- Kyle Kizu
Harry Dean Stanton and David Lynch are re-teaming at last, this time in front of the camera to co-star in actor-turned-director John Carroll Lynch‘s indie directorial debut, “Lucky.” The film, currently shooting in Los Angeles, also stars Ed Begley Jr., Ron Livingston, Tom Skerritt, Barry Shabaka Henley, Beth Grant, Yvonne Huff Lee, Hugo Armstrong, and James Darren. Logan Sparks and Drago Sumonja wrote the script specifically for Stanton, who plays a 90-year-old atheist living in an off-the-map desert town filled with quirky characters. Having out-lived and out-smoked all his contemporaries, the fiercely independent man finds himself at the precipice of life, »
- Thom Geier
After working together on The Straight Story, Inland Empire, Wild at Heart, and the undervalued Twin Peaks: Fire Walk with Me (as well as Showtime’s 2017-bound continuation), Harry Dean Stanton and David Lynch are reteaming for a new project. However, they’ll both be in front of the camera this time.
They’ll be starring in Lucky, the directorial debut of John Carroll Lynch (Zodiac, The Invitation), which has already started production. Also featuring Ed Begley Jr., Ron Livingston, Tom Skerritt, Barry Shabaka Henley, Beth Grant, Yvonne Huff Lee, Hugo Armstrong, and James Darren, it follows Stanton as a 90-year-old atheist who embarks on a spiritual journey in his desert town.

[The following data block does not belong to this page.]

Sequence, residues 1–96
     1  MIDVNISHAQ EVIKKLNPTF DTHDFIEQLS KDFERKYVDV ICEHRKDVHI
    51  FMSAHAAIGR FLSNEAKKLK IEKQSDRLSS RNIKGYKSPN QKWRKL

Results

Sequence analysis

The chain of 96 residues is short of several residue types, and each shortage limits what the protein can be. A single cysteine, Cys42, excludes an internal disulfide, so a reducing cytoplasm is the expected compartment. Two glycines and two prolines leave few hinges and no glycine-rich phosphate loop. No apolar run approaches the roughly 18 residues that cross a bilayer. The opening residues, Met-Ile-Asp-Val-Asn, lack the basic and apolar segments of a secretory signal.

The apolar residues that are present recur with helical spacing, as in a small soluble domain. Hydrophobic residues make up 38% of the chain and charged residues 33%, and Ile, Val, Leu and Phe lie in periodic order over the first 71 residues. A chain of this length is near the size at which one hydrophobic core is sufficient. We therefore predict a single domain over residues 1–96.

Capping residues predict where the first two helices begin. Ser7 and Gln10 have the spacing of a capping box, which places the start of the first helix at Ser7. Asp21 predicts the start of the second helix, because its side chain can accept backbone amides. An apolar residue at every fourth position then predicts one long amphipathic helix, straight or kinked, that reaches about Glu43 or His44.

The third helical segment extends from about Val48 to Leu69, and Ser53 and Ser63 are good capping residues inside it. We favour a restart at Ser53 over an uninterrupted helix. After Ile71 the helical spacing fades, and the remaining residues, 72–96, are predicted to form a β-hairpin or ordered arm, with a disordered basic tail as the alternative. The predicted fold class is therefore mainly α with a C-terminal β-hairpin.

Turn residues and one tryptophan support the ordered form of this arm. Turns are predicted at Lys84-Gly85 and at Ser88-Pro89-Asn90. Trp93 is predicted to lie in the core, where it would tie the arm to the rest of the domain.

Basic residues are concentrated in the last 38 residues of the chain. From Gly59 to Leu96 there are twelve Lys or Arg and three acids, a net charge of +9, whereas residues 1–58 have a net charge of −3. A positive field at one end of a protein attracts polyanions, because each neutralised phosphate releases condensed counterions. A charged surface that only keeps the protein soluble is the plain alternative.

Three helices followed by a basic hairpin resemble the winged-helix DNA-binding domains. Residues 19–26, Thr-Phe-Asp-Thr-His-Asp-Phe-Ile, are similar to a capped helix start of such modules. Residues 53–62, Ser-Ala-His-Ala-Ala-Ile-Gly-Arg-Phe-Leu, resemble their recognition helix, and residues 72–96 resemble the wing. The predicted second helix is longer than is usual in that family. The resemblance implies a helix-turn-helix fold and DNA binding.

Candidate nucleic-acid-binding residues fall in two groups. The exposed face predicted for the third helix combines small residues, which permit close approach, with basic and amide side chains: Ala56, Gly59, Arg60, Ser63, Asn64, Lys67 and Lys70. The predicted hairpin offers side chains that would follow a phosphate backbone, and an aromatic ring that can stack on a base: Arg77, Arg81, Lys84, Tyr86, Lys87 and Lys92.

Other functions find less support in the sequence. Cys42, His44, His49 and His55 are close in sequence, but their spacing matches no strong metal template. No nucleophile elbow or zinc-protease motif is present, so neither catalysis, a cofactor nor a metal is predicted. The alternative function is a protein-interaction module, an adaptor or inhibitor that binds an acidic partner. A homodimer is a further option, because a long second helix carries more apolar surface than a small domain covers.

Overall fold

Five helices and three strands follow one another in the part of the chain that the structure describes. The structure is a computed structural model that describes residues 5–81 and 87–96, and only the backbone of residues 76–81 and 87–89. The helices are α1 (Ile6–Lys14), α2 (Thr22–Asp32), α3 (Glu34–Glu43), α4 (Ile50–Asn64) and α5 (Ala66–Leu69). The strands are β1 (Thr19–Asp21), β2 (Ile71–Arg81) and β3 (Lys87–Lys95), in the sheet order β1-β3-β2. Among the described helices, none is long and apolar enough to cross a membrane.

“I couldn’t pass up the opportunity to work with Harry Dean Stanton,” John Carroll Lynch tells Variety. “‘Lucky tells the story of the journey we are all on; coming to terms with the fragility of life and, »
- Jordan Raup
David Lynch will also appear in the film, which adds to the list of projects he and Stanton have worked on together, including “Wild at Heart” and “The Straight Story.” Stanton is also expected to appear in Lynch’s “Twin Peaks” reboot.
“Lucky” follows the spiritual journey of a 90-year-old atheist — played by Stanton — and the quirky characters that inhabit his off-the-map desert town. He finds himself at the precipice of life, thrust into a journey of self-exploration.